Dora and the Lost City of Gold
2019, PG, 102 min. Directed by James Bobin. Starring Isabela Moner, Eugenio Derbez, Jeff Wahlberg, Nicholas Coombe, Madeleine Madden, Eva Longoria, Michael Peña.
REVIEWED By Kimberley Jones, Fri., Aug. 16, 2019
This feature film adaptation doesn’t try to be as explicitly educational as the Nickelodeon cartoon it’s based on, Dora the Explorer, wherein a spunky 7-year-old would pause along her adventures with a monkey named Boots to break the fourth wall and teach her rapt audience of tiny tots a new word. But Dora and the Lost City of Gold proves edifying nonetheless – in the way it embraces values like kindness, resilience, and curiosity, and nudges young viewers to consider a more sophisticated emotional terrain.
Did I mention it’s also stupid charming? That has everything to do with the titular heroine, aged up to be a high schooler and played here by the dazzlingly charismatic Isabela Moner. Home-schooled in the jungle by her explorer/professor parents (Longoria and Peña), Dora is shipped off at film’s beginning to the big city and her cousin Diego’s family, while Mom and Dad go off in search of a lost Incan kingdom. Navigating high school turns out to be a lot more dangerous than anything she’s encountered in South America, and the funny, fleet script by Nicholas Stoller (The Muppets, The Five-Year Engagement) and Matthew Robinson (The Invention of Lying) mines some quick – but never cheap – laughs out of Dora’s fish-out-of-water status before wisely getting her back to the jungle on a new adventure.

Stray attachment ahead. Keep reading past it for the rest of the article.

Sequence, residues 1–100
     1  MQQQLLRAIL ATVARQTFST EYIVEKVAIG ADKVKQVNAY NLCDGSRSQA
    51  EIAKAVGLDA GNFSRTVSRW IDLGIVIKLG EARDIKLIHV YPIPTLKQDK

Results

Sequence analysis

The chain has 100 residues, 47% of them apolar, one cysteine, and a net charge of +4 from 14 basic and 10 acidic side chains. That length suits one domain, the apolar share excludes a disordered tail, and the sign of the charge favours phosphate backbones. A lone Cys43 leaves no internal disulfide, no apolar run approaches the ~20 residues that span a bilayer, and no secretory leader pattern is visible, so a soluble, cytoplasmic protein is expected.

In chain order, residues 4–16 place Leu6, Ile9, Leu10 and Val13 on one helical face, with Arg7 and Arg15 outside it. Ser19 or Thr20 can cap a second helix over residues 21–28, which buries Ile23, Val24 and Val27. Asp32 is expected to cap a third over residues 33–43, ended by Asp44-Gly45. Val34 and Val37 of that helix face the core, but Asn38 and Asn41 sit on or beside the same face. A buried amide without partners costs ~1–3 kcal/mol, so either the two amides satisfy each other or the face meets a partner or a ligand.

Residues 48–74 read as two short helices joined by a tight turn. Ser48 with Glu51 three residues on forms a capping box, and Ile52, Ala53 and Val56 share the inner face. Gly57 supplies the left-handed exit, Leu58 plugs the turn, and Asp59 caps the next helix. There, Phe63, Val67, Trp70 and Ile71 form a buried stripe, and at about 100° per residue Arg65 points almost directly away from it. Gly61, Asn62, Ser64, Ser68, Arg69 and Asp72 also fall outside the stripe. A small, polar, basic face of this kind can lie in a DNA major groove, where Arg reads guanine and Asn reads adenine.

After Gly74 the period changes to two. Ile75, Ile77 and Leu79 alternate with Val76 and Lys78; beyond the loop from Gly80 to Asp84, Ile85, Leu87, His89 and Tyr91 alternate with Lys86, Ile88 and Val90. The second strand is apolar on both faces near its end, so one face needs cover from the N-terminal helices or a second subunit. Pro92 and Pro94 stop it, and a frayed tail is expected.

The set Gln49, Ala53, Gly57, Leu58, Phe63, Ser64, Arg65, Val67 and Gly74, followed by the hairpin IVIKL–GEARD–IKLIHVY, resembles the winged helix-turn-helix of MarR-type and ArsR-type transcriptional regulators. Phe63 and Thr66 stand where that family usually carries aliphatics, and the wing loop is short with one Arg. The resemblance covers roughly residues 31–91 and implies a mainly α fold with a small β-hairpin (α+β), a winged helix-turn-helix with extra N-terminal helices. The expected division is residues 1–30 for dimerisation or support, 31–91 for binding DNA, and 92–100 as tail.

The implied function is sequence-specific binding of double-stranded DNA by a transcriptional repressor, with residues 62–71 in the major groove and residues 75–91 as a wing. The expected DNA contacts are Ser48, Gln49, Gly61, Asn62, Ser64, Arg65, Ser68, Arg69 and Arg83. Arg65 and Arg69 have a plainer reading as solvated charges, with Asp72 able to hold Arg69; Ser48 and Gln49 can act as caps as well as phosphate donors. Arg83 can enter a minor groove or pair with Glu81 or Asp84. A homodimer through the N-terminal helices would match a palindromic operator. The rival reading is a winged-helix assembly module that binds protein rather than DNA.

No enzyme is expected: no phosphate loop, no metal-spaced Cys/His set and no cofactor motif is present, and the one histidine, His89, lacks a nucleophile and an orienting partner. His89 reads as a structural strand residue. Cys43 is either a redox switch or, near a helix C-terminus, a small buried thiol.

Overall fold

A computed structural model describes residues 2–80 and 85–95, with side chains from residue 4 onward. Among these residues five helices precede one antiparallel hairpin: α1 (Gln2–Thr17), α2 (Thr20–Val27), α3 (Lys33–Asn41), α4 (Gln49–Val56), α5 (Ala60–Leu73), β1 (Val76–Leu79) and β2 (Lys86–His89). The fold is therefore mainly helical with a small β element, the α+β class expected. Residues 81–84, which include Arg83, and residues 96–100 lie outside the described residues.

There are a few meta shenanigans that nod grinningly at the original cartoon, but mostly the filmmakers take a sincere and straightforward approach. The overall vibe is JV-squad swashbuckling, evoking The Goonies and the Indiana Jones films for a tweens-and-under demographic, and all without the exhausting quippiness of the Lego franchise.